“The government is facing the highest degree of unpopularity since 2003,” said political science professor Javier Corrales about this fall’s Venezuelan elections in a lengthy piece. “But at the same time, it has acquired more mechanisms to protect its stranglehold on power. The government always finds a way to contain it, and this election is no exception.”
ESPN The Magazine consulted Allen Guttmann, Emily C. Jordan Folger Professor of English and American Studies, about his thoughts on what some consider the split personality of New England Patriots football coach Bill Belichick. "The equivalent figure is Andrew Carnegie," Guttmann said in the piece. "He was a fairly ruthless entrepreneur in the steel industry. And there were bloody strikes at the Carnegie mills. He didn't lose a lot of sleep about that. At the same time, the guy was endowing libraries all over the country and setting up foundations. So he was on both sides of the fence."
The Albany-area National Public Radio affiliate featured Lawrence Douglas, James J. Grosfeld Professor of Law, Jurisprudence and Social Thought and chair of Law, Jurisprudence, and Social Thought; Deborah Gewertz, G. Henry Whitcomb Professor of Anthropology and chair of the Department of Anthropology-Sociology and Ilan Stavans, Latin American and Latino Culture professor, in three segments about their research. Douglas spoke about the correlation between law and morality, Gewertz discussed the history of instant noodles and what they mean to different cultures and Stavans opined about a classic work of literature.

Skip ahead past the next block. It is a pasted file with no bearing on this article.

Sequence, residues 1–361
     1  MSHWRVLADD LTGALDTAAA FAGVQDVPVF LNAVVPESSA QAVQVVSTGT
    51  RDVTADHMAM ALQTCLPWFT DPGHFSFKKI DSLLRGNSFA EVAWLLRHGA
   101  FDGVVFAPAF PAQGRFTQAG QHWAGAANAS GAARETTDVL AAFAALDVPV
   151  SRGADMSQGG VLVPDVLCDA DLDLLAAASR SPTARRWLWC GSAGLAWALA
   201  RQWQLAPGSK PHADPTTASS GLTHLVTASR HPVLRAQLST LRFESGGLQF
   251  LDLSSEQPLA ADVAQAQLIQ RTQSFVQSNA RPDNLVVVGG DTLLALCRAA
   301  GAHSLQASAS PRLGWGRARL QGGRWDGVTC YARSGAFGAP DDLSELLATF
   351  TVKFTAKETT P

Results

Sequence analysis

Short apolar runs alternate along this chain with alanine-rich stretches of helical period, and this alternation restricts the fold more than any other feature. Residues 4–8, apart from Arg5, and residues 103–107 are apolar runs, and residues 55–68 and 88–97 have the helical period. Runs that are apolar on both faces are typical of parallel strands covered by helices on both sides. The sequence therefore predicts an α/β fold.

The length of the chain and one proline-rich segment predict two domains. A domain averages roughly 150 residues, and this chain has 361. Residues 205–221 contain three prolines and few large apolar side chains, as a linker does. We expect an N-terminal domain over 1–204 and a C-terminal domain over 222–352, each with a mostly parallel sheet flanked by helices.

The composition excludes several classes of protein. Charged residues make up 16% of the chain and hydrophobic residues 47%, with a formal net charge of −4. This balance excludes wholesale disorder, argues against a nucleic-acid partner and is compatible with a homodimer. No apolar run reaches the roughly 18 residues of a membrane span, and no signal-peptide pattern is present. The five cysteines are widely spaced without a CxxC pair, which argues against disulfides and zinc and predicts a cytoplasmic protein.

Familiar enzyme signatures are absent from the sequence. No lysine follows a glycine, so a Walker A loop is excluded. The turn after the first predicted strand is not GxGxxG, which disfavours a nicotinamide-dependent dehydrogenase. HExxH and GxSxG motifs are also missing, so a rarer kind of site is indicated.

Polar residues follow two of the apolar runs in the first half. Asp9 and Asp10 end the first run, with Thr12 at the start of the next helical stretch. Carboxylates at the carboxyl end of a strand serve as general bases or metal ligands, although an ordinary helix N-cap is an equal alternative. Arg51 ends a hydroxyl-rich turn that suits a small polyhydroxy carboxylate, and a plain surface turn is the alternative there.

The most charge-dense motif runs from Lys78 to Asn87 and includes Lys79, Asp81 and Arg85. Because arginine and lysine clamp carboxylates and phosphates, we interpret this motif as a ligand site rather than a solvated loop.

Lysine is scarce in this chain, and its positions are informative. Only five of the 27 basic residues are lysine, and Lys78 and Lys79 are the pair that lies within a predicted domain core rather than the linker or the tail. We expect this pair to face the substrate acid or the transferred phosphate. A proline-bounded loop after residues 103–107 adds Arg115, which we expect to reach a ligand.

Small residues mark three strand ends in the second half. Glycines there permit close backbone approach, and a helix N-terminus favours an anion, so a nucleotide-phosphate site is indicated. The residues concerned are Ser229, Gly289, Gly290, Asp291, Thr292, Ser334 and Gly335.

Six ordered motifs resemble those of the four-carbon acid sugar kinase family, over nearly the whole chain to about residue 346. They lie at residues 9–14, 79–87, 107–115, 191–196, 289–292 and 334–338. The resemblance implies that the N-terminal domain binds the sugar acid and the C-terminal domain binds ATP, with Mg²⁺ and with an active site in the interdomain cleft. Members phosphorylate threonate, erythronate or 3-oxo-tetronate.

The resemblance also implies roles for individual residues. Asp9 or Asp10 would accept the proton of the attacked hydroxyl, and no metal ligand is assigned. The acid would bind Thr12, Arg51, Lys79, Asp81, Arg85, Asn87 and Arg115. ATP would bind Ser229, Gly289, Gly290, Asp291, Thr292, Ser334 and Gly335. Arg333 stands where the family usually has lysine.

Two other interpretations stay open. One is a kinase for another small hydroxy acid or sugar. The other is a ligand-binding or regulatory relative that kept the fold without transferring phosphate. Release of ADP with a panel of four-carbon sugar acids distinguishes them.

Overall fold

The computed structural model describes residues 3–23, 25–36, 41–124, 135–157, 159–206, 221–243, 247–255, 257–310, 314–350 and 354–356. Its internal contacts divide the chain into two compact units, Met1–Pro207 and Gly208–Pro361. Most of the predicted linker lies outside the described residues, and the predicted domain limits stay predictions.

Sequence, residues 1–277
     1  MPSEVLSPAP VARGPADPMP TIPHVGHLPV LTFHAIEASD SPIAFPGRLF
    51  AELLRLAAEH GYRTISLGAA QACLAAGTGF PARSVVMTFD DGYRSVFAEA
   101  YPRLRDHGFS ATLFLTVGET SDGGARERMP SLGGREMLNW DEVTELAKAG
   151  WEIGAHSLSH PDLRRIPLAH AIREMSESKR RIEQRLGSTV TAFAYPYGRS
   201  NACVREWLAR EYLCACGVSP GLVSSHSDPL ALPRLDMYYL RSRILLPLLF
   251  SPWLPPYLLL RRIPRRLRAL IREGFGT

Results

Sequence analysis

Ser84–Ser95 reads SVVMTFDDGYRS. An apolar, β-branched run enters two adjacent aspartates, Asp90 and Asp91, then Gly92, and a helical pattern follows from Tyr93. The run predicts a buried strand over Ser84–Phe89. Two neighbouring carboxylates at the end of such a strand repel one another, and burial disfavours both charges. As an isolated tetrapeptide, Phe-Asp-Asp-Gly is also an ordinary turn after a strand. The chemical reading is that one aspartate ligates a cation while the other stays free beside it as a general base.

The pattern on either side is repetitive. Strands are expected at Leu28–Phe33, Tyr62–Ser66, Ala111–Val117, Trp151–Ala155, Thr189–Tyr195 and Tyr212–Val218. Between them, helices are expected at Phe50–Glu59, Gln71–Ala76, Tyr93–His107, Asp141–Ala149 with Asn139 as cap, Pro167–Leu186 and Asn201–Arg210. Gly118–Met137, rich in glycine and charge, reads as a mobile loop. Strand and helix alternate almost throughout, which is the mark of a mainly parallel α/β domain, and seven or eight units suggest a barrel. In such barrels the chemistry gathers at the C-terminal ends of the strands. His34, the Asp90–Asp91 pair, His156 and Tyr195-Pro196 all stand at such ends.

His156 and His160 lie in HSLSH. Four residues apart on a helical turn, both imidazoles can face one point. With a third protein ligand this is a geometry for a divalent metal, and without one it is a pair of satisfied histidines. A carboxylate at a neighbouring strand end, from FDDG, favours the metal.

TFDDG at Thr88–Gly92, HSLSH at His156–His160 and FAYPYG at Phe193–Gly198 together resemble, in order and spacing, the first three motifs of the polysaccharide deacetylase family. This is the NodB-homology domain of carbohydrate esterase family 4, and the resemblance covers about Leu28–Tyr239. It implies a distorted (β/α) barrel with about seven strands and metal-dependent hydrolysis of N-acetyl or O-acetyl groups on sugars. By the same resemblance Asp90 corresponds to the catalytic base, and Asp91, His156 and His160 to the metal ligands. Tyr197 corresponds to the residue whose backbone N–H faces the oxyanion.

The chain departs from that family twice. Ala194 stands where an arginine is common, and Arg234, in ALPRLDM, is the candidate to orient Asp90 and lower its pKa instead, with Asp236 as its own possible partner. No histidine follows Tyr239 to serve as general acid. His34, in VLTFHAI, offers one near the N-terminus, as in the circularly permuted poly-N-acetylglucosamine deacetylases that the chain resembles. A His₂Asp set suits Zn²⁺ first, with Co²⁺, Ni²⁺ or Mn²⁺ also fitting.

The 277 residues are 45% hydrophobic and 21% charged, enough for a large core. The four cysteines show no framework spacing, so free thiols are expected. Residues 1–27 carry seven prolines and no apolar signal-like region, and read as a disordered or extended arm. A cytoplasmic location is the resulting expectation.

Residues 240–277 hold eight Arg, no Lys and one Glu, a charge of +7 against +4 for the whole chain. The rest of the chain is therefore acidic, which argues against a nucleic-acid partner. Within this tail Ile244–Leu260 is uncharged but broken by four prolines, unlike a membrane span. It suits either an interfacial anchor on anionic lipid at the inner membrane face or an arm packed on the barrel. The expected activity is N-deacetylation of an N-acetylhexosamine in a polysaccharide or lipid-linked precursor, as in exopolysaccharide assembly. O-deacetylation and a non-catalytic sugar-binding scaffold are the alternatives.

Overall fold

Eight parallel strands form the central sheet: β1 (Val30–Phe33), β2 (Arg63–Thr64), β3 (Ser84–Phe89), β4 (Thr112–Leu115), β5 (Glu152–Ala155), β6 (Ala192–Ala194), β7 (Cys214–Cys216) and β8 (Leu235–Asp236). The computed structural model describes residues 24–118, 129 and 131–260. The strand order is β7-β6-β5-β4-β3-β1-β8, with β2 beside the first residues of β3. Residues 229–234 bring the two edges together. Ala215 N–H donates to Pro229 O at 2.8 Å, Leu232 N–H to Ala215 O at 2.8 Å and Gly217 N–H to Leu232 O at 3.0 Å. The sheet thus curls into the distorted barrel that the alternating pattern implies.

The college’s success with a program that promotes “sustainable, long-term increases in the number of high-achieving community college students from low-income families transferring to the nation’s selective four-year institutions” was noted in stories on the Inside Higher Ed and Chronicle of Higher Education websites.
Psychology professor and relationship expert Catherine Sanderson commented on summer romances in this article for the news website. “People out of their regular environment find it easier to pursue romance or love [during vacation], especially late adolescents, because they don’t have classes or exams, as they would in their regular social world,” she explained. “They almost take on a different persona, and that can make it easier for some students to engage in summer romances.”
2010-11 Copeland Fellow Daniel Altschuler, also a member of Amherst’s Class of 2004, spoke with a prominent labor leader about immigration reform and posted it on his blog with the journal Americas Quarterly.